Brussels, 28 January 2022: The Data Protection Officer of the European Commission, Mr. Martin Kröger, invited Election-Watch.EU to address EU Member States’ data protection office representatives at the occasion of the Data Protection Day on 28 January 2022. In this high level online seminar with European Data Protection Supervisor Mr. Wojciech Wiewiórowski, representatives from DG JUST (Head of Unit Ms. Marie-Helene Boulanger), DG CNECT (Ms. Yordanka Ivanova) and of the Cabinet of the Commissioner for Justice Didier Rynders (Ms. Lucrezia Busa), Armin Rabitsch from Election-Watch.EU presented “Challenges to Democracy posed by Artificial Intelligence and use of personal data for the election process”.
At the presentation of the legal framework on Artificial Intelligence, executive Vice-President for A Europe Fit for the Digital Age, Margrethe Vestager, said
“On Artificial Intelligence, trust is a must, not a nice to have. With these landmark rules, the EU is spearheading the development of new global norms to make sure AI can be trusted […].”
Commissioner for Internal Market, Thierry Breton, said
“[…] aim to strengthen Europe’s position as a global hub of excellence in AI from the lab to the market, ensure that AI in Europe respects our values and rules, and harness the potential of AI for industrial use”
On the Commission proposal concerning transparency and targeting of political advertising, Commissioner for Justice, Didier Reynders, said:
“[…] With the proposal on political advertising, we are securing the use of personal data in context of political targeting, protecting the democratic process. Together, we are making progress with our common work for democracy.
Data Protection Officer of the European Commission, Mr. Martin Kröger, opened the meeting before Armin Rabitsch from Election-Watch.EU gave a practitioners input on “Challenges to Democracy posed by Artificial Intelligence and use of personal data for the election process”:
Artificial Intelligence used by social media networks to moderate content impacts voters’ access, reception, and communication of information. Four problems can be highlighted:
1) the regulatory frameworks are often not clear or outdated to monitor effectively election campaigning online;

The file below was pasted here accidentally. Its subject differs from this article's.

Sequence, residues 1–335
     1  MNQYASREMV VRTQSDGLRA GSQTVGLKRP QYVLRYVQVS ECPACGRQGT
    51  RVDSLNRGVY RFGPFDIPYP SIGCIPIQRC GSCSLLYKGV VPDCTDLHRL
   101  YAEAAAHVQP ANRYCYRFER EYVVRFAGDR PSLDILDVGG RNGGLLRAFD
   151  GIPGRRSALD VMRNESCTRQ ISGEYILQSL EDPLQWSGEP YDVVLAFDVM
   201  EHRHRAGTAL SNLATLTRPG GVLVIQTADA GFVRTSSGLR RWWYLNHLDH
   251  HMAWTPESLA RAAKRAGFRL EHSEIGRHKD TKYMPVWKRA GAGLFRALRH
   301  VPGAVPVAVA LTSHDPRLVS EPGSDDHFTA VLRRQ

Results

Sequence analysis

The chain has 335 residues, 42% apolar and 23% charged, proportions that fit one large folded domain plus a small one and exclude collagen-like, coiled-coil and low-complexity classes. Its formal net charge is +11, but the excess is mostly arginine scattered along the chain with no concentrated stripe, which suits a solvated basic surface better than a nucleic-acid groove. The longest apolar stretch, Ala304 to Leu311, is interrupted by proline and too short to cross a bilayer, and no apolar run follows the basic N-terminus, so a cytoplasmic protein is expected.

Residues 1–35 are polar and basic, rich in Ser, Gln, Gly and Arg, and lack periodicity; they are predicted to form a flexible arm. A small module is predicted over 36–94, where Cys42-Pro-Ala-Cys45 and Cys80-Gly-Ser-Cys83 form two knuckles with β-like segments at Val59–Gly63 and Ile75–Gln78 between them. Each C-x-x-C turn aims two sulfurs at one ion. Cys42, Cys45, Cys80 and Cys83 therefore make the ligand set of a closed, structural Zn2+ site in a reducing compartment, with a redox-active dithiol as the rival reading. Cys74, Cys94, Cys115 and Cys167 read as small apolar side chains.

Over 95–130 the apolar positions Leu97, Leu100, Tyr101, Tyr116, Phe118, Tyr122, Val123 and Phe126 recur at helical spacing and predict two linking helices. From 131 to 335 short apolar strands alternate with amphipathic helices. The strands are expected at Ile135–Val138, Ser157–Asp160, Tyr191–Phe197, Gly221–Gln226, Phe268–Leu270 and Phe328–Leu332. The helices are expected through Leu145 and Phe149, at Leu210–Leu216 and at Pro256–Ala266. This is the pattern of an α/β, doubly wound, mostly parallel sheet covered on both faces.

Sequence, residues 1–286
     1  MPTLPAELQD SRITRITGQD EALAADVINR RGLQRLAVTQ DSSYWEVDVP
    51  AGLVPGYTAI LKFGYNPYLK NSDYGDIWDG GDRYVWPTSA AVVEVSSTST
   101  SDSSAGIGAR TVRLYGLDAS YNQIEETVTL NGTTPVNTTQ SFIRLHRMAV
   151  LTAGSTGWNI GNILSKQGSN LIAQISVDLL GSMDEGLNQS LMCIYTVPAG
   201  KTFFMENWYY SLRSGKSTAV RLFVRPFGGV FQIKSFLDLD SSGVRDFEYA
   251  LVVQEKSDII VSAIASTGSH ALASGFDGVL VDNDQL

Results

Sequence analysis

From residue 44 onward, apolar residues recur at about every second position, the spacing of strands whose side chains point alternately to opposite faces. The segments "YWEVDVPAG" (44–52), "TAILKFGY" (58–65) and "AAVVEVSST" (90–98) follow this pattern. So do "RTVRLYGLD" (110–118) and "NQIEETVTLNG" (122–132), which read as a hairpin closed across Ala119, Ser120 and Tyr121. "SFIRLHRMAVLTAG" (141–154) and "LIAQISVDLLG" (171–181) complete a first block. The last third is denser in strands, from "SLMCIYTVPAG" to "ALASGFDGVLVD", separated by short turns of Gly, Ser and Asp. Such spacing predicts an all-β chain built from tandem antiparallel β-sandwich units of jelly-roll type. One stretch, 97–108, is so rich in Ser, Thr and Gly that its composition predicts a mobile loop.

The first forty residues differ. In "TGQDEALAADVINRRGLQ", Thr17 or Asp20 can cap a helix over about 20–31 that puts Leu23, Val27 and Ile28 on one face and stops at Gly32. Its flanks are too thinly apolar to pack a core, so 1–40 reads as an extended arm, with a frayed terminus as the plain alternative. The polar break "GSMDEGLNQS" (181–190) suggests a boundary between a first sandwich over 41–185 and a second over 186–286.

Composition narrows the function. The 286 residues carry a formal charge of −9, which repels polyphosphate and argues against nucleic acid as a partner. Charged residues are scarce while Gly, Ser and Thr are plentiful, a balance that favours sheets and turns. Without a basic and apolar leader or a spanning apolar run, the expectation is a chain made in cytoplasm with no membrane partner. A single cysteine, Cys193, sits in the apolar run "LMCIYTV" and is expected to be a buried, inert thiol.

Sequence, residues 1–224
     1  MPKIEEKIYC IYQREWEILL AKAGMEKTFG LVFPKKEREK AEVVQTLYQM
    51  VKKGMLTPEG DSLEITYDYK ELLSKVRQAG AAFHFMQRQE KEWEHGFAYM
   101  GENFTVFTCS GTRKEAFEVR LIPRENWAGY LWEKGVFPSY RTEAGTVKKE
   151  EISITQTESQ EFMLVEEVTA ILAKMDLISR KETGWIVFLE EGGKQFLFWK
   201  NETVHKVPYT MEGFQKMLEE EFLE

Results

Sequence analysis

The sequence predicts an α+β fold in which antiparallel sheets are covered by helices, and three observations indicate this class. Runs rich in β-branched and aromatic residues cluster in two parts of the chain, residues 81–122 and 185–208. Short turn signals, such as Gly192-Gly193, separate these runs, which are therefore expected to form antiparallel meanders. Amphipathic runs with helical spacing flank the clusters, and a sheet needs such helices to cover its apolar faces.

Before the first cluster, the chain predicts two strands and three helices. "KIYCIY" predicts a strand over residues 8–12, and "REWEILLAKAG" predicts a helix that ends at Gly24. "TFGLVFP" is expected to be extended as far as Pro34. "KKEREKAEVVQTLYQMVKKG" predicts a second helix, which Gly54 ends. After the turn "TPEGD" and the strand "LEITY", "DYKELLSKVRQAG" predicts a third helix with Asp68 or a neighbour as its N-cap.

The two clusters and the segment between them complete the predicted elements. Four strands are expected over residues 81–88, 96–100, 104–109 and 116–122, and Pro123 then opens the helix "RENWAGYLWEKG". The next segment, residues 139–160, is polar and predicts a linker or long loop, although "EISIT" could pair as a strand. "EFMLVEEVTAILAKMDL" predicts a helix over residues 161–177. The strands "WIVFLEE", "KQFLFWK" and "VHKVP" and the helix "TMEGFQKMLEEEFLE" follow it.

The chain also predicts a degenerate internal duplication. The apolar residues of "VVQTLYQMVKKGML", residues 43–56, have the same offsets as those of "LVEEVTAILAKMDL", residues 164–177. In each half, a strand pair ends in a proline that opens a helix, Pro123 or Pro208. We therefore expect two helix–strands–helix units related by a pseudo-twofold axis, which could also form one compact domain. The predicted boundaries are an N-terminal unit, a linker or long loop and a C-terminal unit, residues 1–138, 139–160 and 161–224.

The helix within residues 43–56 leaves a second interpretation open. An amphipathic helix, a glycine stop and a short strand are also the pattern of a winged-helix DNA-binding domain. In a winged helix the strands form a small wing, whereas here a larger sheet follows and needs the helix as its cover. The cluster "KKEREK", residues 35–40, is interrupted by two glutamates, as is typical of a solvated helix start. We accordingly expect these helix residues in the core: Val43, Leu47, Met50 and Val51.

2) the oversight bodies (if there are any) are most often understaffed and not well equipped to monitor campaigning on social media networks;
3) the social media networks lack transparency, accountability, accessibility and effective remedies for voters and oversight bodies;
4) the voluntary self regulation by social media networks is insufficient.
Armin Rabitsch also provided five key-recommendations:
1) To use Artificial Intelligence as an opportunity for better and more effective civic and voter education campaigns. AI could also help improve detecting malintended interference or non labeled political messaging;
2) To create standards of ethics about the use of AI and private data protection. Not only private companies but also public authorities need to comply with. Think of the opposition politician or human rights activist who is surveilled by his/her own government with AI spying software. This is a new trend developing in EU member states.
3) To ban microtargeting in political online campaigning. Let us keep in mind that an open society gains from political discussions and dialogue within society. Instead of creating silos and barriers between different platforms amplified by AI there is a need to stimulate political debate.
4) To conduct independent human rights impact assessments of social media networks and their AI driven programs. This oversight should include researchers and civil society to independently investigate possible biases in existing algorithmic content filters, and make research findings reproducible. Researchers need guaranteed and stable access to algorithms to verify whether microtargeting and online campaigning during elections is unbiased.
5) To introduce a policy regulation which imposes that algorithms are transparent. We need to prevent the creation of algorithmic “de-facto standards” that are developed by private entities, with no outside oversight, but with the power to decide what is acceptable content. Algorithm transparency is required in order to monitor how algorithms work together and change again and again.
Following Election-Watch.EU’s 30 minute presentation Ms. Yordanka Ivanova from DG CNECT presented a “Digital Strategy – State of Play, in particular on Artificial Intelligence” and on the Commission proposal on AI act and its implications for data protection rules and the need for human interventions.
Ms Marie-Helene BOULANGER, Head of Unit, DG JUST presented the “Proposal on transparency and targeting of political advertising” and the impact of the proposal on data protection rules, including GDPR and Regulation (EU).
Ms. Lucrezia BUSA, Member of Cabinet, Didier Reynders, talked about securing the use of personal data in context of political targeting and protecting the democratic process.
European Data Protection Supervisor Mr. Wojciech Wiewiórowski provided an “Overview and Outlook – on transparency and accountability concerning AI and political advertising”.